The term is patient boarding and the problem is significant. Patient boarding refers to the practice of keeping patients in the Emergency Department after they have been admitted as an inpatient due to staffing and/or bed shortages. In an attempt to raise awareness of this growing problem among policymakers, the challenges facing Emergency Departments from this boarding practice, the American College of Emergency Physicians (ACEP) and 34 other organizations have requested a summit to begin working collaboratively with policymakers and others to create practical solutions to this problem.
In a recent COVID-19 meeting hosted by the White House, similar concerns were shared by the ACEP President Chris Kang, MD, FACEP regarding the emerging boarding crisis in ED. He called attention to the critical situation that is likely to arise with the coming winter, resulting in an overload of COVID, flu, and other respiratory disease cases. Dr. Kang recommended convening a summit on the ED boarding issue, with the participation of all stakeholders including clinicians, hospitals, nursing homes, emergency medical services (EMS), and patient communities to discuss potential solutions. To further highlight the devastating impact of ED boarding, ACEP planned to draft a letter with the participation of other stakeholders. ACEP pursued the critical issue of boarding with all stakeholders. During their outreach, they found that a sense of urgency has been demonstrated by emergency physician members regarding the prevailing boarding issue. As the situation is aggravating with time, this could be the calm before the storm.
It’s an overwhelming problem and the solution involves many disparate stakeholders including patients, payers, providers, nursing homes, and EMS. ACEP members documented first-hand accounts of preventable harm to patients, less appropriate treatments, impact on pediatric ED patients, disproportionate consequence on mental disorder patients, burnouts of caregivers, staffing shortage, and role of misaligned economic drivers in prioritizing more surgical interventions compared to other care services.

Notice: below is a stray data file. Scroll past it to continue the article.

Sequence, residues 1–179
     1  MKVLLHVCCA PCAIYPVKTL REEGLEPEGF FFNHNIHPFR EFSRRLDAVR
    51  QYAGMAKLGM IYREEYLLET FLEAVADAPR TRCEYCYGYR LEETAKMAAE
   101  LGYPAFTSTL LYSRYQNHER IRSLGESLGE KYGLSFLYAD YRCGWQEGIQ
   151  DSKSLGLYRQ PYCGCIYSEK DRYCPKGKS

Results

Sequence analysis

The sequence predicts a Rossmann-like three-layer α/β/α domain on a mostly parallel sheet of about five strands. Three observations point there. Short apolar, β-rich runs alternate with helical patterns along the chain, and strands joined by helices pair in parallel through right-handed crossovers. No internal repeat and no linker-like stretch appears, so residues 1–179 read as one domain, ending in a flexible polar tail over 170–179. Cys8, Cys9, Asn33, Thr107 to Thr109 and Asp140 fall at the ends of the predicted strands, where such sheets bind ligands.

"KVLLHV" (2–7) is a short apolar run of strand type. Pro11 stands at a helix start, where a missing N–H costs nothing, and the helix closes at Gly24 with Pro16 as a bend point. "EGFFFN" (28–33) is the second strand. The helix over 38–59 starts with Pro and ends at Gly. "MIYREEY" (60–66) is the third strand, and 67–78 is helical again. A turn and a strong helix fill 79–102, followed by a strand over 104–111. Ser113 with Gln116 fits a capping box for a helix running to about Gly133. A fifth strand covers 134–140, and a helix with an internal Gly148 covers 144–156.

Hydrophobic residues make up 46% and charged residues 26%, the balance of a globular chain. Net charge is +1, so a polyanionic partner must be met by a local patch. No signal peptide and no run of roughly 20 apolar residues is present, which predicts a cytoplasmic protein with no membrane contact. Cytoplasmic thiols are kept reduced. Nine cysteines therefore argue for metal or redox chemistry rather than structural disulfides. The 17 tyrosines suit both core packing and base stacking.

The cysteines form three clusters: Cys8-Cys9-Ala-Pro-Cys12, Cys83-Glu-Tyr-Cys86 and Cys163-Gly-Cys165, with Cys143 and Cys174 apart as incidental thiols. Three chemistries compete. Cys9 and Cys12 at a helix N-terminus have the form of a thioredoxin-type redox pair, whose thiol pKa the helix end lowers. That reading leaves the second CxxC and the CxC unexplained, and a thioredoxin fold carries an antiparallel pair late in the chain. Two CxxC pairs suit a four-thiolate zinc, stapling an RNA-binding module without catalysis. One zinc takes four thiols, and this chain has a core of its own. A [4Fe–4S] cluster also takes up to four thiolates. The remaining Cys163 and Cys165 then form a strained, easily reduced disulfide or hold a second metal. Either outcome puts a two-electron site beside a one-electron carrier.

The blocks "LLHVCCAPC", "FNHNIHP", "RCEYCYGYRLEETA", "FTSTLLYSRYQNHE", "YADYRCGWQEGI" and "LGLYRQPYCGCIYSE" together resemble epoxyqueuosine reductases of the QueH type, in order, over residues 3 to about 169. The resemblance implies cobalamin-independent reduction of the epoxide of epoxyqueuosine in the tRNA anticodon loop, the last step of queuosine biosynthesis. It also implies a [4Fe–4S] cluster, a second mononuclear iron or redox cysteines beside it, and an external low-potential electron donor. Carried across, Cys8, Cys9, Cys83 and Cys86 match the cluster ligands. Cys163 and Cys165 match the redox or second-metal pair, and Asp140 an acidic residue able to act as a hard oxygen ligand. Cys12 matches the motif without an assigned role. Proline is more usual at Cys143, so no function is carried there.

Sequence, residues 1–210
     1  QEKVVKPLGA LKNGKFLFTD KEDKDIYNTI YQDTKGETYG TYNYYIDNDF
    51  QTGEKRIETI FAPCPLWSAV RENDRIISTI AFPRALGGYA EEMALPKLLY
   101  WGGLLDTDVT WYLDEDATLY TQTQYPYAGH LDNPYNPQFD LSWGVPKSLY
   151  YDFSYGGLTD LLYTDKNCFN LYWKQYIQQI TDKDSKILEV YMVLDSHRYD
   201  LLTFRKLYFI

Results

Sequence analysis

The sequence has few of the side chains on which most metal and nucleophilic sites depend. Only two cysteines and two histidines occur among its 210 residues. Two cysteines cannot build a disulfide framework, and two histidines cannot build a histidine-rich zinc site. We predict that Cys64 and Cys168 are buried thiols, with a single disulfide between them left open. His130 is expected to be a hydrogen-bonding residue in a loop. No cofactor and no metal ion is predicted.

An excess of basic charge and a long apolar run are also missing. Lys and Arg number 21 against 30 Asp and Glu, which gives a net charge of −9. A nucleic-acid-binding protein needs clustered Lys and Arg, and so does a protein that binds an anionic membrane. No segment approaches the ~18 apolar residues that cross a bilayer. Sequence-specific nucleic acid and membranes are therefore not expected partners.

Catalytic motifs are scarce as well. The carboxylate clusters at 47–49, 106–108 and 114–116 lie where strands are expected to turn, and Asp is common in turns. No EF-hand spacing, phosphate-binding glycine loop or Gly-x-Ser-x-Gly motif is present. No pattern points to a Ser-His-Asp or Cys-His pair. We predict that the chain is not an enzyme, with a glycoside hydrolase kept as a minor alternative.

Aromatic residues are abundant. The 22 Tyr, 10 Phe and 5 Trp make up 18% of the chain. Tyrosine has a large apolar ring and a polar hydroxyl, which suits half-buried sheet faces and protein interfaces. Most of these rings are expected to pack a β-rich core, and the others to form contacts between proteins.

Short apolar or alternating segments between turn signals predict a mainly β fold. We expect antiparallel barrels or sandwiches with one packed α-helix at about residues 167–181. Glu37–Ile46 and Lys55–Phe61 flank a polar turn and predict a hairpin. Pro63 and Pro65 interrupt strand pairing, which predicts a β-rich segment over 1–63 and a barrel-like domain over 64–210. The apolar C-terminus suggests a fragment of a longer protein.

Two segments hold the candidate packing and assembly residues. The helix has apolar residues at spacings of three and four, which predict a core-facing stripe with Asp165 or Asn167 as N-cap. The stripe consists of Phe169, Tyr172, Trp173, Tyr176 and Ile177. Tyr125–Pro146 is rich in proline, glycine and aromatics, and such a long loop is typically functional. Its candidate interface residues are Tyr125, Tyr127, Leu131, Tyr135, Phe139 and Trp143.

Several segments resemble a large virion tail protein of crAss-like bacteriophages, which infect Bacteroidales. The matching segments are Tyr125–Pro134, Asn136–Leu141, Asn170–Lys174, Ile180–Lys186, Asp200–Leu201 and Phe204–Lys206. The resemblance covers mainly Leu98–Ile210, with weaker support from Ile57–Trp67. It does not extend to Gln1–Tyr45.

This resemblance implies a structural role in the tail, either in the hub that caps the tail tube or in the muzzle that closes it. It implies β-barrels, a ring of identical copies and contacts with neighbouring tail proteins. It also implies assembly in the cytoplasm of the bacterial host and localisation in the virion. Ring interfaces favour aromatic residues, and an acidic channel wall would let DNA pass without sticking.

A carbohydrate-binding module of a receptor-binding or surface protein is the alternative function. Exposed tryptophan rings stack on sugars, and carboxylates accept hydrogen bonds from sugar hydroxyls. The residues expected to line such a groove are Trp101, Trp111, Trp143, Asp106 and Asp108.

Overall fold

A total of 34 organizations apart from ACEP, representing patient and consumer groups, medical societies, nursing, and other provider associations, and public health officials are involved. ACEP sent a letter to the President, reinforcing Dr. Kang’s stance to convene the summit of all stakeholders. ACEP also requested that the Department of Health & Human Services (HHS) Secretary Xavier Becerra provide a healthcare view of ED boarding issues. A unique submission of the letter was made to the Department of Homeland Security Secretary Alejandro Mayorkas to identify the looming disaster as a preparedness risk for the nation.
To amplify the outreach of the letter, ACEP also shared it on social media, released it to the press, and created a powerful digital storybook based on stories shared by ACEP’s members. This campaign helped identify a critical gap that both policymakers and the public had a minimal idea regarding the worsened ground situation. ACEP met with HHS, joined by the American Hospital Association and the Association of American Medical Colleges (AAMC), to analyze present factors of ED boarding and find pathways for the future. ACEP address boarding issues with the National Governors Associations. After the congressional midterm elections, ACEP will again pursue significant effort to educate congress members on this ever-increasing boarding challenge in emergency departments.
For more information, along with a copy of the letter delivered to President Biden, visit ACEP online.